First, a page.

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dc.contributor.authorAlahuhta, Janne-
dc.contributor.authorKosten, Sarian-
dc.contributor.authorAkasaka, Munemitsu-
dc.contributor.authorAuderset, Dominique-
dc.contributor.authorAzzella, Mattia-
dc.contributor.authorBolpagni, Rossano-
dc.contributor.authorBove, Claudia P-
dc.contributor.authorChambers, Patricia A-
dc.contributor.authorChappuis, Eglantine-
dc.contributor.authorIlg, Christiane-
dc.contributor.authorClayton, John-
dc.contributor.authorde, Winston Mary-
dc.contributor.authorEcke, Frauke-
dc.contributor.authorGacia, Esperanca-
dc.contributor.authorWillby, Nigel-
dc.description.abstractAim: We studied global variation in beta diversity patterns of lake macrophytes using regional data from across the world. Specifically, we examined 1) how beta diversity of aquatic macrophytes is partitioned between species turnover and nestedness within each study region, and 2) which environmental characteristics structure variation in these beta diversity components.  Location: Global  Methods: We used presence-absence data for aquatic macrophytes from 21 regions distributed around the world. We calculated pairwise-site and multiple-site beta diversity among lakes within each region using Sørensen dissimilarity index and partitioned it into turnover and nestedness coefficients. Beta regression was used to correlate the diversity coefficients with regional environmental characteristics. Results: Aquatic macrophytes showed different levels of beta diversity within each of the 21 study regions, with species turnover typically accounting for the majority of beta diversity, especially in high-diversity regions. However, nestedness contributed 30-50% of total variation in macrophyte beta diversity in low-diversity regions. The most important environmental factor explaining the three beta diversity coefficients (total, species turnover and nestedness) was altitudinal range, followed by relative areal extent of freshwater, latitude and water alkalinity range. Main conclusions: Our findings show that global patterns in beta diversity of lake macrophytes are caused by species turnover rather than by nestedness. These patterns in beta diversity were driven by natural environmental heterogeneity, notably variability in altitudinal range (also related to temperature variation) among regions. In addition, a greater range in alkalinity within a region, likely amplified by human activities, was also correlated with increased macrophyte beta diversity. These findings suggest that efforts to conserve aquatic macrophyte diversity should primarily focus on regions with large numbers of lakes that exhibit broad environmental gradients. en_UK
dc.relationAlahuhta J, Kosten S, Akasaka M, Auderset D, Azzella M, Bolpagni R, Bove CP, Chambers PA, Chappuis E, Ilg C, Clayton J, de Winston M, Ecke F, Gacia E & Willby N (2016) Global variation in the beta diversity of lake macrophytes is driven by environmental heterogeneity rather than latitude (Forthcoming), Journal of Biogeography.-
dc.rightsThis item has been embargoed for a period. During the embargo please use the Request a Copy feature at the foot of the Repository record to request a copy directly from the author. You can only request a copy if you wish to use this work for your own research or private study.-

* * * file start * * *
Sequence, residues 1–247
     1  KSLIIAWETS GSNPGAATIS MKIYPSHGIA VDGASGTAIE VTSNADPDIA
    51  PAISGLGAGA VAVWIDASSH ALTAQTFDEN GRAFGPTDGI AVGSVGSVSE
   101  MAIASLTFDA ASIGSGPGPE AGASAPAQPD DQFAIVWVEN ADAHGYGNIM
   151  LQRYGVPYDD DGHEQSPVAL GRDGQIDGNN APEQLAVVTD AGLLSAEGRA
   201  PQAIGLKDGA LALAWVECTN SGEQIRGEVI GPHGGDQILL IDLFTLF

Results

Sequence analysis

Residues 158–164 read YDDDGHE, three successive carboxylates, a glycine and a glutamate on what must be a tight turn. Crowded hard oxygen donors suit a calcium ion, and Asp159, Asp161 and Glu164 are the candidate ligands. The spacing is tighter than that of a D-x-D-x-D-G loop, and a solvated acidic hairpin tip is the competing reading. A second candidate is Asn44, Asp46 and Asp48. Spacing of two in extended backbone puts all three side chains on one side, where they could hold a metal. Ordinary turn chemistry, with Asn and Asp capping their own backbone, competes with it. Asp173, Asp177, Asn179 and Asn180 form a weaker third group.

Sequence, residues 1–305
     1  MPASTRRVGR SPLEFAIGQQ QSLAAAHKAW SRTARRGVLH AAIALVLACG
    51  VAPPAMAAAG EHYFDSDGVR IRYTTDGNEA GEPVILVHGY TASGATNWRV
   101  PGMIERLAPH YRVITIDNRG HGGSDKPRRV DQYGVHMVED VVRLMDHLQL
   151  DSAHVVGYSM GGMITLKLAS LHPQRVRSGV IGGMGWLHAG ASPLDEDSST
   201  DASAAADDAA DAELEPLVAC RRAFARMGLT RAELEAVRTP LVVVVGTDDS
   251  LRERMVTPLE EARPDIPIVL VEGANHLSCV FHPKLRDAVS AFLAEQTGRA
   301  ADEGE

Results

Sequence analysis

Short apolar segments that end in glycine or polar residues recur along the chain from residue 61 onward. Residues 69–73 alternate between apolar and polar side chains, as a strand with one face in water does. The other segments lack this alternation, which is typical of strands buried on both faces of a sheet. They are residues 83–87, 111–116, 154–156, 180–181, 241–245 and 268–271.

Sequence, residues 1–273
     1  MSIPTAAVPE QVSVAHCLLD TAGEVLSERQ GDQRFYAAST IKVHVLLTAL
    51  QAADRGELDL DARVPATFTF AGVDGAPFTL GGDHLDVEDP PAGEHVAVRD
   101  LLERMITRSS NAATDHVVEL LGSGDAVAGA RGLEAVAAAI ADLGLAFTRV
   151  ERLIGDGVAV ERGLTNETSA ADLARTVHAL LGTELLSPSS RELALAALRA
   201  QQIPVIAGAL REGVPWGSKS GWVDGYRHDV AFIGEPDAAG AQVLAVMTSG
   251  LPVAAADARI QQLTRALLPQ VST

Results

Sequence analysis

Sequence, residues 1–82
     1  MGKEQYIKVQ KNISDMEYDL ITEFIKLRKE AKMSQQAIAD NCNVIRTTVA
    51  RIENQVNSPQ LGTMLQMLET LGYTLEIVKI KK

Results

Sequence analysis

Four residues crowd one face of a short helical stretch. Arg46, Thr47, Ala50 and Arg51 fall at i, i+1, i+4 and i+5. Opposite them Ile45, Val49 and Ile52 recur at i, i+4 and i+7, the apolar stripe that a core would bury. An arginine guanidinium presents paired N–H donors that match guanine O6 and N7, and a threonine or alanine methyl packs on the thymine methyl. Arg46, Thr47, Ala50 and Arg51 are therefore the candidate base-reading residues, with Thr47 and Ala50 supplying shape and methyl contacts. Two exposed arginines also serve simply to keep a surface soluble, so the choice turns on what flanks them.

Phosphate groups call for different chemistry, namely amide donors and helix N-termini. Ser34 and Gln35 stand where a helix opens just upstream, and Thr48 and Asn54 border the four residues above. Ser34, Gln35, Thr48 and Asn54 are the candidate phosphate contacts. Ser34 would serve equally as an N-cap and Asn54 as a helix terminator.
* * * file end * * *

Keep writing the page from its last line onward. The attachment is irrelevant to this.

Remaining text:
dc.subjectAlkalinity rangeen_UK
dc.subjectAltitudinal rangeen_UK
dc.subjectAquatic plantsen_UK
dc.subjectFreshwater ecosystemen_UK
dc.subjectSpatial extenten_UK
dc.subjectSpecies turnoveren_UK
dc.titleGlobal variation in the beta diversity of lake macrophytes is driven by environmental heterogeneity rather than latitude (Forthcoming)en_UK
dc.typeJournal Articleen_UK
dc.rights.embargoreasonUntil this work is formally published there will be an embargo on the full text of this work. Publisher requires embargo of 12 months after formal publication.-
dc.citation.jtitleJournal of Biogeography-
dc.type.statusPost-print (author final draft post-refereeing)-
dc.description.notesAdditional co-authors: Gana Gecheva, Patrick Grillas, Jennifer Hauxwell, Seppo Hellsten, Jan Hjort, Mark V. Hoyer, Agnieszka Kolada, Minna Kuoppala, Torben Lauridsen, En‒Hua Li, Balázs A. Lukács, Marit Mjelde, Alison Mikulyuk, Roger P. Mormul, Jun Nishihiro, Beat Oertli, Laila Rhazi, Mouhssine Rhazi, Laura Sass, Christine Schranz, Martin Søndergaard, Takashi Yamanouchi, Qing Yu, Haijun Wang, Xiao‒Ke Zhang, Jani Heinoen_UK
dc.contributor.affiliationUniversity of Oulu-
dc.contributor.affiliationRadboud University Nijmegen-
dc.contributor.affiliationTokyo University of Agriculture and Technology-
dc.contributor.affiliationUniversity of Geneva-
dc.contributor.affiliationUniversity of Cagliari-
dc.contributor.affiliationUniversity of Parma-
dc.contributor.affiliationFederal University of Rio de Janeiro-
dc.contributor.affiliationEnvironment and Climate Change Canada-
dc.contributor.affiliationSpanish National Research Council (CSIC)-
dc.contributor.affiliationUniversity of Applied Sciences and Arts Western Switzerland (CESCAP)-
dc.contributor.affiliationNew Zealand National Institute of Water and Atmospheric Research-
dc.contributor.affiliationNew Zealand National Institute of Water and Atmospheric Research-
dc.contributor.affiliationLulea University of Technology-
dc.contributor.affiliationSpanish National Research Council (CSIC)-
dc.contributor.affiliationBiological and Environmental Sciences-
Appears in Collections:Biological and Environmental Sciences Journal Articles

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